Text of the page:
WASHINGTON — Not exactly sister organizations, the Federal Deposit Insurance Corp. and Securities Investor Protection Corp. are part of a select group of entities tasked with cleaning up the messes of financial ruin.
And for the first time as a result of the Dodd-Frank Act, they will soon join forces.
The FDIC is working on a proposal jointly with the Securities and Exchange Commission outlining the SIPC's role in Dodd-Frank's wind-down facility. Although the FDIC calls the shots in the new regime, the agency must appoint the SIPC — which is not a government agency — as a trustee for liquidating broker-dealer subsidiaries of firms in receivership.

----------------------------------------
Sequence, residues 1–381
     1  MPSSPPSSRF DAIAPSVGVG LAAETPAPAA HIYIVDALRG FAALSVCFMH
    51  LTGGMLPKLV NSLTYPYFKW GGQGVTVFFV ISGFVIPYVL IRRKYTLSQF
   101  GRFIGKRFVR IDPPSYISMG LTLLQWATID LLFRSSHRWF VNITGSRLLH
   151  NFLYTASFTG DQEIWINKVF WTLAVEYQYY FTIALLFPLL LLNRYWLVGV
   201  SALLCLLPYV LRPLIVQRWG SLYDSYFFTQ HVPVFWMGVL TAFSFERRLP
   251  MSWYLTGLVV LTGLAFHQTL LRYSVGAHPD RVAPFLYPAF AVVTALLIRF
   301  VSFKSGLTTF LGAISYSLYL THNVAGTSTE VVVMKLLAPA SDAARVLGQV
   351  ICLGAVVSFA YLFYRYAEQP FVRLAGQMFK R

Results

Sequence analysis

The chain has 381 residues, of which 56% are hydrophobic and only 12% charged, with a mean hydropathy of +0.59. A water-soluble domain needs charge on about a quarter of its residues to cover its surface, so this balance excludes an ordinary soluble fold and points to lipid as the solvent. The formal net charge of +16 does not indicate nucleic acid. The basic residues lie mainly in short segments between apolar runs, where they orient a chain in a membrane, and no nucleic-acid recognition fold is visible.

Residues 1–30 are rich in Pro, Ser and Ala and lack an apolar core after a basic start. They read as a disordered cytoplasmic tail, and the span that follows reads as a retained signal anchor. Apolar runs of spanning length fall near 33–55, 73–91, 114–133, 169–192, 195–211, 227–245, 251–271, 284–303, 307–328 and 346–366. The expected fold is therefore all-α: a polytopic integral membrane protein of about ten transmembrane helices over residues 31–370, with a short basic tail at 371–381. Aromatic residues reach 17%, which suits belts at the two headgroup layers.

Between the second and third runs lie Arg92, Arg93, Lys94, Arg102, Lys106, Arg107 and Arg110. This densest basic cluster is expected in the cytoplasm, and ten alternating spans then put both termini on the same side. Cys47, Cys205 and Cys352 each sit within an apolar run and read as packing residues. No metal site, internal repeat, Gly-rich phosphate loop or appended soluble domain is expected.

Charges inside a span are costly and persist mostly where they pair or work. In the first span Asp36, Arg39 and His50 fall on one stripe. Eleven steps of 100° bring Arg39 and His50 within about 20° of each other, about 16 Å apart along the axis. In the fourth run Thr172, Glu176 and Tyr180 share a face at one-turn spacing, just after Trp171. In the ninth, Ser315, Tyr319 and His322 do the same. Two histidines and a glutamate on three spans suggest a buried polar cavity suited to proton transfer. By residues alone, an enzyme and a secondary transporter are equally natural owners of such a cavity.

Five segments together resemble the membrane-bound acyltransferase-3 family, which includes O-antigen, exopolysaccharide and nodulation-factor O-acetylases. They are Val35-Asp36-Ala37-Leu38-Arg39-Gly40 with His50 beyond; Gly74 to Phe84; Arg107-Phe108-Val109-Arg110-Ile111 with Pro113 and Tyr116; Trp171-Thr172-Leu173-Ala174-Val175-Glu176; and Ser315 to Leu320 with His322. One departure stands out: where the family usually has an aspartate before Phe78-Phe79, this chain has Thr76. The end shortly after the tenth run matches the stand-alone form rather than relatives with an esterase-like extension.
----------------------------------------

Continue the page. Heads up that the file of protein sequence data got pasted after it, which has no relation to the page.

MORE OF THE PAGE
The SIPC is "normally working for a bankruptcy court, but instead they're going to be working for the FDIC," said Christopher Whalen, senior managing director of Tangent Capital Partners in New York.
Many see the unprecedented pairing as positive since the SIPC has expertise the FDIC lacks in transferring the mountains of customer brokerage accounts from failing giants — such as Lehman Brothers — to new acquirers.
But their collaboration also poses uncertainty, including how the SIPC's relatively narrow focus on protecting brokerage accounts will square with the regime's overall mandate to prevent one failure from wrecking the economy.
The FDIC's broad authority, meanwhile, to transfer assets from the failed company — including from its broker-dealer — into a bridge firm could end up limiting the SIPC's role.